There are numerous California Labor Code sections such as the Fair Labor Standards Act that encourage employees to raise their voices against the unethical conduct by their employer. If you don’t have the time to understand the complex employment laws, it is wise to have a lawyer by your side to protect your rights. 

Reporting Retaliation in California: How to Establish Your Claim

The California employment statutes make it clear what amounts to retaliation. However, it can be challenging to show that retaliation has occurred and affected your employment in one way or the other. To establish your claim, you need to prove the following:

  • You participated in a protected activity.
  • The participation leads to an adverse employment action from your employer.
  • The protected activity was a considerable reason for the occurrence of the adverse action.
  • You suffered direct damages, or the employment action caused you harm indirectly (subtle retaliation).

Proving that you have faced retaliation is one of the most arduous things, especially in an at-will state like California. Before contacting the labor commissioner or a government agency to file your complaint, ensure you have ample evidence to prove your charges. 

The Role of an Employment Attorney in Your Retaliation Claim 

If you believe you have been retaliated against, it is essential to seek legal guidance. An employment attorney like Hershey Law can ensure you are adequately protected and fairly represented when proceeding with your retaliation claim. Here is how a lawyer can ease the overwhelming process of establishing a claim and proving it:

Initial Consultation and Case Evaluation

At the onset of your legal journey, our employment attorney listens to your account of events and evaluates the validity of your claims. They will guage whether the actions you faced fall under legal definitions of retaliation and might also identify other potential claims, such as wrongful termination.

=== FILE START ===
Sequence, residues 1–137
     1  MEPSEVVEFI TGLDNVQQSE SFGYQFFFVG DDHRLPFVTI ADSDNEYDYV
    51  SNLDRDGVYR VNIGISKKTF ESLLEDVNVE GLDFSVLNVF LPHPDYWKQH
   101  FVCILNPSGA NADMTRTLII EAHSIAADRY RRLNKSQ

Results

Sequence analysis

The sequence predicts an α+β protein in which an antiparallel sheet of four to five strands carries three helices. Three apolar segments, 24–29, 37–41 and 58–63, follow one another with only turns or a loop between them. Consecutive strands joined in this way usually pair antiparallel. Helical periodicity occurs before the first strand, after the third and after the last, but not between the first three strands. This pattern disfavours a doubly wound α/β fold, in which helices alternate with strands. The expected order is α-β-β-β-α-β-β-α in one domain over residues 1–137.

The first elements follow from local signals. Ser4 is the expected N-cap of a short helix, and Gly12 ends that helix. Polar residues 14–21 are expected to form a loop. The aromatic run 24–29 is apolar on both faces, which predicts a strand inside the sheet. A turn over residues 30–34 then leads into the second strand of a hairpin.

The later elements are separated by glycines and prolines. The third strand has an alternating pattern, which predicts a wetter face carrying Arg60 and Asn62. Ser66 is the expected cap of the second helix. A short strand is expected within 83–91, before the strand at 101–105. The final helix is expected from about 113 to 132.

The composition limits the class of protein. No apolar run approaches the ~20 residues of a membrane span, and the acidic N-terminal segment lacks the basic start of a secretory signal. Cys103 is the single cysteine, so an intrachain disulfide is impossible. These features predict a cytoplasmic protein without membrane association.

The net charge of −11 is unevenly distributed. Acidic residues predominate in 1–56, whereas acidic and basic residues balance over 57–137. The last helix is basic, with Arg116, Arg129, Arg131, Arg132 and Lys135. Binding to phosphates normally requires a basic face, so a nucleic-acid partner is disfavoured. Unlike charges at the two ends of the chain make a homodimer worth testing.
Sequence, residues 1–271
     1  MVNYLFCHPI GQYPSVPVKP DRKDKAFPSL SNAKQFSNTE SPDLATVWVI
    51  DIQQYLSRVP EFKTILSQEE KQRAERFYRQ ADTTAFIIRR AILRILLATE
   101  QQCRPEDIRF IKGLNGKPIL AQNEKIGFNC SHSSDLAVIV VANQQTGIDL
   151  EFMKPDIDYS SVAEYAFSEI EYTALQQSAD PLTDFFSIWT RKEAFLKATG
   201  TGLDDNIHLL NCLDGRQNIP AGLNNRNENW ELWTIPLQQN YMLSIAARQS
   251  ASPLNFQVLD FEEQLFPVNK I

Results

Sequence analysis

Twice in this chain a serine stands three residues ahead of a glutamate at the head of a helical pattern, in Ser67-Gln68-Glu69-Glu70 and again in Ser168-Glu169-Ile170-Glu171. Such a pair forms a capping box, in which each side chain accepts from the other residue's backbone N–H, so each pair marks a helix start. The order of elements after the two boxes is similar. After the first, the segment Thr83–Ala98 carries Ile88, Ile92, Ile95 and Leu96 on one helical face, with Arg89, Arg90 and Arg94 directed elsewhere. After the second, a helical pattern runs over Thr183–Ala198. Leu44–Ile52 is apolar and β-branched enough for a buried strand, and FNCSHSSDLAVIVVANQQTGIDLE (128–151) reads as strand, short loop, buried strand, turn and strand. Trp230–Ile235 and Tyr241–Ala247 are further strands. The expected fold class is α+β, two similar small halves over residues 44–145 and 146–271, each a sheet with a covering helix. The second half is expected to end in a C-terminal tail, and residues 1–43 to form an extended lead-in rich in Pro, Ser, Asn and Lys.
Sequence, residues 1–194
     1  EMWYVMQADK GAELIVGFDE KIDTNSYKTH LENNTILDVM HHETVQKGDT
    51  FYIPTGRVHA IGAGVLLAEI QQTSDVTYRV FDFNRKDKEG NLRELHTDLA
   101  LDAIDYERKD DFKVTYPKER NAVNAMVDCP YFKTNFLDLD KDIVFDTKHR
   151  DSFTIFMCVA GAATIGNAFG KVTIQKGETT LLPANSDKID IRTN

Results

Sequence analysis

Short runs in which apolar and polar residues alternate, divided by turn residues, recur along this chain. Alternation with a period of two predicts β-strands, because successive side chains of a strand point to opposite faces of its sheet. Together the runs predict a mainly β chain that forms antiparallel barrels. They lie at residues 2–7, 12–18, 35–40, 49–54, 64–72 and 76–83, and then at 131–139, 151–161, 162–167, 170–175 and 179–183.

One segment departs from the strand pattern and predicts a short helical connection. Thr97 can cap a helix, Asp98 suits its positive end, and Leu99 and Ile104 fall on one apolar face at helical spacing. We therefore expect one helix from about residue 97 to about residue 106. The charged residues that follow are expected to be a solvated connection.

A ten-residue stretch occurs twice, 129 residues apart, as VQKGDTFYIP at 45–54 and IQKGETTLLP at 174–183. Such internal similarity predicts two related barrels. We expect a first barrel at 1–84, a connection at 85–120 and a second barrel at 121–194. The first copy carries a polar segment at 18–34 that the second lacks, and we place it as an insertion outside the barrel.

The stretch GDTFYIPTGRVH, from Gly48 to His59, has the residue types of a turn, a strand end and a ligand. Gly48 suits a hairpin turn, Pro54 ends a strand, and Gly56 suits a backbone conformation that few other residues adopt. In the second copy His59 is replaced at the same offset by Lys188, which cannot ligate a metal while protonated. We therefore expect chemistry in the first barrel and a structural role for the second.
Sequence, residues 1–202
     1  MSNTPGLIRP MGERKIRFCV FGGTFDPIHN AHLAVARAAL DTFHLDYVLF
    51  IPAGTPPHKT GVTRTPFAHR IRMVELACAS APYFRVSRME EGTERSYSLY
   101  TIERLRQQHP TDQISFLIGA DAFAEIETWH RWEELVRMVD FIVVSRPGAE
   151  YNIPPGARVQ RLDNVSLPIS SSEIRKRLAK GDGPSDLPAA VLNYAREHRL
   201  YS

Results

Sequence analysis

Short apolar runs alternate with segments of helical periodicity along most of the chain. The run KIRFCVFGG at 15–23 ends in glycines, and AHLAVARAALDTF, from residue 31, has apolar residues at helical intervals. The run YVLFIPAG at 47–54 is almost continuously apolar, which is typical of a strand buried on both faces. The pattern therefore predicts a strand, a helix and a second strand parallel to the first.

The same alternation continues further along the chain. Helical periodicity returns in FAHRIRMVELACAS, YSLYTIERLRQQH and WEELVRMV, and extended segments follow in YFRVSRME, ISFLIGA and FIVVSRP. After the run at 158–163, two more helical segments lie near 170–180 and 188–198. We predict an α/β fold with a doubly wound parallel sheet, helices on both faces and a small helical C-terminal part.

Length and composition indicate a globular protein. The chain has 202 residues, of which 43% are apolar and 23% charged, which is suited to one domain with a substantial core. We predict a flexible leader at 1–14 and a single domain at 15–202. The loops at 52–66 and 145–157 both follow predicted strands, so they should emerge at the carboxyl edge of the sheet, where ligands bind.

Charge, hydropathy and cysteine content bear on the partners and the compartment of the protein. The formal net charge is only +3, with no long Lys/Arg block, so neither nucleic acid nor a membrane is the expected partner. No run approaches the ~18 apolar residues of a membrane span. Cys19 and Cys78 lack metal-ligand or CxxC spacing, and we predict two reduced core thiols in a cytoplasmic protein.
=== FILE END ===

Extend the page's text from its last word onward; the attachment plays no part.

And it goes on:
Gathering Evidence

A crucial phase in building your case, the attorney assists in collecting essential documents like employment contracts, employee handbook, performance reviews, and relevant emails. The legal professionals might also interview your coworkers or others who can vouch for your claims.

Legal Counsel and Guidance

Once your case’s foundation is set, our attorneys will elucidate your rights under state and federal laws, ensuring you are aware of your legal standing. We also outline potential courses of action, whether that is filing a complaint, entering negotiations, or proceeding to court.

Negotiations and Mediation

Many cases find resolution outside of court. The lawyers we assign for your case will represent your interests in settlement discussions, aiming to secure an agreeable resolution. If both parties (you and the human resources representative or your employer) consent, mediation facilitated by a neutral third party might be an option.

Formal Complaints and Legal Proceedings

In case negotiations and other out-of-court settlement options do not work out, the lawyers guide you through agency filings, like lodging complaints with the DFEH or EEOC. If litigation ensues, we handle the legal documents and prepare to represent you in court.

Post-Trial Actions

Our role does not end with the court’s verdict. If needed, you will also get advice on potential appeals to ensure that any awarded judgments, like compensation, are enforced and received.

👉 Also read: What Evidence Matters in a Retaliation Lawsuit?

Don’t Let Retaliation Go Unchecked: Book a Free Case Evaluation with Us 

At Hershey Law, our seasoned employment lawyers are ready to advocate for you. We understand that dealing with workplace retaliation can be overwhelmingly stressful, but it does not have to be that way.

As award-winning labor lawyers in California, we stand up for those who stand up against the wrongdoings of their employers. We are fearless lawyers who provide strategic and tactical advocacy to help prove your charges.

Call us at 310-929-2190 to schedule a free consultation and get a glimpse of our outstanding customer service. We operate throughout California, catering to employees from various locations, including Beverly Hills, Burbank, San Bernardino, Ventura, and more.